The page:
5th Sunday in Lent
Year B: March 18, 2018
First Reading: Jeremiah 31:31-34
Herman and Rosie by Gus Gordon
(Written for ages 7-10)
Comment: In Jeremiah, the people have broken the covenant with God and so their relationship with God is damaged and they are suffering as a result. But God does not leave them in that situation. God promises that they will have a new covenant, a new connection, a new relationship. God will be their God, and they will be God’s people once again. In Herman and Rosie, Herman the crocodile and Rosie the deer love their city, their jobs, their hobbies, but still, they are both lonely. They go through their workdays and travel through the city just barely missing each other. Finally, they meet up through a shared love of music and they aren’t lonely anymore. God didn’t leave the people of Israel lonely and alone, God made a new covenant to be their God and they to be God’s people. Herman and Rosie found a connection which meant they didn’t have to be alone anymore. Even though we are imperfect humans and so different from our God, God does not leave us alone, either. God has promised us and made a covenant with us to be our God, and for us to be God’s people.
Second Reading: Hebrews 5:5-10
We Found a Hat by Jon Klassen
(Written for ages 4-8)
Comment: Hebrews describes Jesus as having such exalted titles and positions as the Son of God, the begotten one of God, and a high priest in the order of Melchizedek. It says Jesus is the source of eternal salvation for us, whose prayers are definitely heard by God. It says all of these things are true because of Jesus’ obedience and reverent submission to God. In We Found a Hat, two turtles are good friends, but both also want the nice hat they have found. They recognize that only having one hat, and there being two of them, is a recipe for trouble in their friendship. And while both of them continue to look at the hat, want the hat, even dream of the hat, they both choose to let it go and neither one gets to have it. This is submission, choosing not to have something that you could rightly have, for a larger and better purpose. The turtles submit their desire for the hat to the larger purpose of staying friends. Jesus submits his rightful glory as Son and high priest in order to be obedient to God and be a source of salvation for all of us. From him we can learn, like the turtles in the story, to submit what may only benefit us, in order to obey God and seek a larger benefit for all God’s people.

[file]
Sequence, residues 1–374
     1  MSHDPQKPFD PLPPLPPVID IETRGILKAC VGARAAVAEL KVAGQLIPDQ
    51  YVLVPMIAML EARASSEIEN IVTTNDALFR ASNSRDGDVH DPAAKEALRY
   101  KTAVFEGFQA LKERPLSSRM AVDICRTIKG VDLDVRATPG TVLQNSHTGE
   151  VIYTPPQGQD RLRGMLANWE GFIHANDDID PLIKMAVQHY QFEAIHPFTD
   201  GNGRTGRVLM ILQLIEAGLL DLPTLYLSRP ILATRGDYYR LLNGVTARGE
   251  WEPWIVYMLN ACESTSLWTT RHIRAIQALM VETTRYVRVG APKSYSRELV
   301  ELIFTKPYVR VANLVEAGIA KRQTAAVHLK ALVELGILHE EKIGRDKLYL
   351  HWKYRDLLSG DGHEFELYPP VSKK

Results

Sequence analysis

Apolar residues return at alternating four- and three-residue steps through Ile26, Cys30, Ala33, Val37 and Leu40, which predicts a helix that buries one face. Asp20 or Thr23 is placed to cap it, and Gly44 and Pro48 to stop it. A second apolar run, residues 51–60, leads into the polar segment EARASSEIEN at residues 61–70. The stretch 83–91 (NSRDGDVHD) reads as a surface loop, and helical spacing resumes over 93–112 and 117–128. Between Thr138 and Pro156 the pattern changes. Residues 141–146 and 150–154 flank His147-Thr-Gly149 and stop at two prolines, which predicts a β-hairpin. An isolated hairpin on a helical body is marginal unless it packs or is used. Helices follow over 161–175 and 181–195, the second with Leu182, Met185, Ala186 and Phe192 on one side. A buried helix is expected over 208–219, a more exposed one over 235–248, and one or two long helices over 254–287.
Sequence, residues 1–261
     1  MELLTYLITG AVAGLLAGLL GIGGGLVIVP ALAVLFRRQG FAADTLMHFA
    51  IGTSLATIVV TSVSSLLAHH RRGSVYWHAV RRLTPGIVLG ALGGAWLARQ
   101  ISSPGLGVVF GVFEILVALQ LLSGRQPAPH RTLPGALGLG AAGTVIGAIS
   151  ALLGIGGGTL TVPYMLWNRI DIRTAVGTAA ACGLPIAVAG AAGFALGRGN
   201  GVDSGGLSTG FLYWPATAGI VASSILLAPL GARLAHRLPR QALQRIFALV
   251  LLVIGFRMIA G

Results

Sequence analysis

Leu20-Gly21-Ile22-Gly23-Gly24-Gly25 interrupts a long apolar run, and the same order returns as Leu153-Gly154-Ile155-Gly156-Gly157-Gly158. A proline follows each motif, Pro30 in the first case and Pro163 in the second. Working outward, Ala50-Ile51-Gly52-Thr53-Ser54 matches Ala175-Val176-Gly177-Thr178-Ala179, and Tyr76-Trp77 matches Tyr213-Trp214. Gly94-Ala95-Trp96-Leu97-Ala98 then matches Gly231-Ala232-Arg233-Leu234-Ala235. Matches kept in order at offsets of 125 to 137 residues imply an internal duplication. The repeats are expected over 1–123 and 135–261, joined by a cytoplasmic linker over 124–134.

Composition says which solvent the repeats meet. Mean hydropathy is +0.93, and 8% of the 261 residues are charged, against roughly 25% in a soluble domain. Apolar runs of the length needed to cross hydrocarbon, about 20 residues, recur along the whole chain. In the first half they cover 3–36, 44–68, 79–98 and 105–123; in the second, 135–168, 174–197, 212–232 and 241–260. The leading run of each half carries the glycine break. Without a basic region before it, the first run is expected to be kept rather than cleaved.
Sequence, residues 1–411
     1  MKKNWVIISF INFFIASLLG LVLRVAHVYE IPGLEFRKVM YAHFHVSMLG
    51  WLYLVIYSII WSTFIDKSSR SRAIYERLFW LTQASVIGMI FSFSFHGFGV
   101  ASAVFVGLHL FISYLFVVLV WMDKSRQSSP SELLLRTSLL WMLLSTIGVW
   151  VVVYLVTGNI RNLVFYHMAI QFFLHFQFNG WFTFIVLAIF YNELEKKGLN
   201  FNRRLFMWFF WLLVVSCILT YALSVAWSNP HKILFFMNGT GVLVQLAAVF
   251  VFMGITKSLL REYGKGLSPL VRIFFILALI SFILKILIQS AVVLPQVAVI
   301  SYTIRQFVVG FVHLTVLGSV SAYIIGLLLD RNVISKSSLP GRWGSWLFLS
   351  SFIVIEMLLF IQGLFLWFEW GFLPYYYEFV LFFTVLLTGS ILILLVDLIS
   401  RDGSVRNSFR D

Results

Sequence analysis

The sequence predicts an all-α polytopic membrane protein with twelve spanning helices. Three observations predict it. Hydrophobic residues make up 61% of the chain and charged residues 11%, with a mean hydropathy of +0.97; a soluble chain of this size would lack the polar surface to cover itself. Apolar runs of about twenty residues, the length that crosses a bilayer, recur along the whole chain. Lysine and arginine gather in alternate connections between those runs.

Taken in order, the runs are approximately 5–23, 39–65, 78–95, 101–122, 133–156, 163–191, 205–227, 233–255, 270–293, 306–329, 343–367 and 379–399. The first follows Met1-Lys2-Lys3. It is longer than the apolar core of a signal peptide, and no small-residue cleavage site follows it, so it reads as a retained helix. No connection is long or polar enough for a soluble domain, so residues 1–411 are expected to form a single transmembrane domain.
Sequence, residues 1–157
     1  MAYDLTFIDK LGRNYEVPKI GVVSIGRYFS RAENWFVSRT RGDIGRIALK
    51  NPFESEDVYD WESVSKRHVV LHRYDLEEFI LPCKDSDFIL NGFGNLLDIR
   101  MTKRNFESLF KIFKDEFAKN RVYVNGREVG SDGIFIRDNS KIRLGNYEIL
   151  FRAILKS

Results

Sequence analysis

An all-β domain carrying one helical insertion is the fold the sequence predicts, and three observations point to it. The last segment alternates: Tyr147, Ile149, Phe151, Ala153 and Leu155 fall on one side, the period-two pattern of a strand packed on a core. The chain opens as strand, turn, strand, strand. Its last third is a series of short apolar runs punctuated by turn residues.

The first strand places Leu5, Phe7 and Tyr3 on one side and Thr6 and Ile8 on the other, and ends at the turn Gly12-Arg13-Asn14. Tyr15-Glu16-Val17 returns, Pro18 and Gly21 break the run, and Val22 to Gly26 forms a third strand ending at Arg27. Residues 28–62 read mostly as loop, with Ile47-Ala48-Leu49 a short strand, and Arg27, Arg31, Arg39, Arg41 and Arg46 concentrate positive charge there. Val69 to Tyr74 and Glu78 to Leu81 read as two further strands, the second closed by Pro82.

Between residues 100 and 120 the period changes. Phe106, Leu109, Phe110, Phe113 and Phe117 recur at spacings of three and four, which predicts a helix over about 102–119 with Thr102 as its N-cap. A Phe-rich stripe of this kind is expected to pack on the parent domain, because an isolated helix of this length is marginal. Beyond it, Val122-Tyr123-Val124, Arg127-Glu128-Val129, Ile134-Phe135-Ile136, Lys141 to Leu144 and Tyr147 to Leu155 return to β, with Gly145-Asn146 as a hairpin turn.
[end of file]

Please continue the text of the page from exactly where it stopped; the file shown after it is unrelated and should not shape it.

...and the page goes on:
Gospel Reading: John 12:20-33
Miss Rumphius by Barbara Cooney
(Written for ages 5-8)
Comment: Jesus compares a life of following him, and the kind of death he will die, to a a seed breaking open in the soil to bear much fruit. Jesus understood that beauty could come from the end of a seed, and in the same way to let go of things, and for him to give up his life, would give a kind of beauty, too—drawing all people to himself. In Miss Rumphius ,young Alice Rumphius is encouraged by her grandfather to do something to make the world beautiful. As she grows, she discovers the beauty of lupine flowers, and sees how their spreading seeds make the countryside around her more beautiful. The seeds she plants and spreads make the world beautiful. A life of following Jesus is a life like a seed—where we may need to change, to crack open, in order for the beauty of our discipleship and the good news of Jesus Christ to show up in the world and bear much fruit.
Thanks to regular contributor Sara Anne Berger for writing the Revised Common Lectionary Links this week.